Grape compounds combat UV rays

August 10, 2011

A Spanish study has found that some compounds found in grapes help to protect skin cells from the sun’s ultraviolet rays, Medical News Today reports.

Barcelona, Spain - A Spanish study has found that some compounds found in grapes help to protect skin cells from the sun’s ultraviolet rays, Medical News Today reports.

In an in vitro laboratory study, scientists from the University of Barcelona and the CSIC (Spanish National Research Council) demonstrated that some polyphenolic substances extracted from grapes can reduce the formation of reactive oxygen species (ROSs) in human epidermis cells that have been exposed to long- and medium-wave UV radiation. When activated by UV rays, ROSs stimulate certain reactions and enzymes that cause cell death.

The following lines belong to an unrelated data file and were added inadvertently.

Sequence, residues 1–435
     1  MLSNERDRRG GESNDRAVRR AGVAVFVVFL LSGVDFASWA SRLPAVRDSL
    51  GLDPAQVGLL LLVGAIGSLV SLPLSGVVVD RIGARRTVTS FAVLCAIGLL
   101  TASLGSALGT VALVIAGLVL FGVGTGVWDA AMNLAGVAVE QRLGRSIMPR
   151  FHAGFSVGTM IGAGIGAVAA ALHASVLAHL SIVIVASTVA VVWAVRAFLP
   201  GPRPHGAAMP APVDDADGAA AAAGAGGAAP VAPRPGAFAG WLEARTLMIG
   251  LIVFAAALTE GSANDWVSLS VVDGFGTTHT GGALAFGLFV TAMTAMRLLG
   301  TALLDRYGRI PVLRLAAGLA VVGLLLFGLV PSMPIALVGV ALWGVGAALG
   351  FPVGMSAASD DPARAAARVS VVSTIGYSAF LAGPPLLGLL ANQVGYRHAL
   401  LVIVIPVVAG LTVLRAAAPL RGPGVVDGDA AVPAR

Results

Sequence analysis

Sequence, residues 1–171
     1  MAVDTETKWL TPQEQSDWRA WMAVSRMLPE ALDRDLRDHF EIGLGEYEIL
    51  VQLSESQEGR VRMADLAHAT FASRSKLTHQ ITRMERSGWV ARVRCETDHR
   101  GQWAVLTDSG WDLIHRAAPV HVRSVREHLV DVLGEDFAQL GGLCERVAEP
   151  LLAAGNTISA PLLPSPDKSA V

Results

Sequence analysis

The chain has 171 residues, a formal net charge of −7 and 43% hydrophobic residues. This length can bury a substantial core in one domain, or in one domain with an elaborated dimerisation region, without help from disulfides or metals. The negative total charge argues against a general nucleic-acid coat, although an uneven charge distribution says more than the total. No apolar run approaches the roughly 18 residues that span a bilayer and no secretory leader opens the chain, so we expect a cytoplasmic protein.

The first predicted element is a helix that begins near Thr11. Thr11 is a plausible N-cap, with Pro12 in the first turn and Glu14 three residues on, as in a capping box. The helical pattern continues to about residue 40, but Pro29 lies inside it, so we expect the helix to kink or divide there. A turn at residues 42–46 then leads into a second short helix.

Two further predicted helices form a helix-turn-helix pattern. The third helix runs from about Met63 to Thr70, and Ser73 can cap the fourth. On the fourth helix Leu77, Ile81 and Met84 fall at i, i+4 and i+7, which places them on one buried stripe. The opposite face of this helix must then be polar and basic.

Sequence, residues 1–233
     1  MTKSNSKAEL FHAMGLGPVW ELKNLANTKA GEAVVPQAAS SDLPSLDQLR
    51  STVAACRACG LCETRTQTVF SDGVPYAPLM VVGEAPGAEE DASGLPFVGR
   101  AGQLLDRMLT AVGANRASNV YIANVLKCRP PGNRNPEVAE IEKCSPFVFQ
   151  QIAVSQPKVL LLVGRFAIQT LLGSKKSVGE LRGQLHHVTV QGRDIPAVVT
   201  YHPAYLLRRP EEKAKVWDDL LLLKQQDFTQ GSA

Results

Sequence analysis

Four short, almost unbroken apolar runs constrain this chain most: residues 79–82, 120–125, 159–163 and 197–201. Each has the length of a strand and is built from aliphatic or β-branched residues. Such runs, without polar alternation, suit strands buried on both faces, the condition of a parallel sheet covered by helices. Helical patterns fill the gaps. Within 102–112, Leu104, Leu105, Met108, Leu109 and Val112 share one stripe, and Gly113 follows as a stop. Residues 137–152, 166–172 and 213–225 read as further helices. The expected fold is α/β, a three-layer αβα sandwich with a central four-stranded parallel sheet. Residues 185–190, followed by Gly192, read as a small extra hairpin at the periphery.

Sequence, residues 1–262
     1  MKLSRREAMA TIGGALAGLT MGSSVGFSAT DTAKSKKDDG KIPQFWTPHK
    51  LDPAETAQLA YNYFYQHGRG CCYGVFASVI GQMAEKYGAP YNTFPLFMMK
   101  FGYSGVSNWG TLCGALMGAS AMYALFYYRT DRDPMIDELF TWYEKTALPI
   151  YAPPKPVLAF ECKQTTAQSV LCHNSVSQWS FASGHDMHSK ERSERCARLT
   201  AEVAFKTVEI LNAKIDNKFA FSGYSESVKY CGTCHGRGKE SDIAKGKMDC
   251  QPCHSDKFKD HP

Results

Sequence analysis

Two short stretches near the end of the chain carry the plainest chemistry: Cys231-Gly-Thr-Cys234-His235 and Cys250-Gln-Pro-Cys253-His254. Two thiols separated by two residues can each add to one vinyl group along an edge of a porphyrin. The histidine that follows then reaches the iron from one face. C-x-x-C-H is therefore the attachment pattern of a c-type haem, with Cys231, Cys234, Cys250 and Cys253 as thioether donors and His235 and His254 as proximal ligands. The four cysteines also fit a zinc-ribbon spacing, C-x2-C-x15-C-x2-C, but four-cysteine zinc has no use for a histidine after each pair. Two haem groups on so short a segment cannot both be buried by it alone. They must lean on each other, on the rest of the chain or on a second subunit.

The authors wrote that these “encouraging results should be taken into consideration in clinical pharmacology using plant-based polyphenolic extracts to develop new photoprotection skin products.” Cosmetics and drugs containing grape compounds have been available, but how these compounds act on cells has not been well understood until now.

The study was published in the May 11 issue of Journal of Agricultural and Food Chemistry.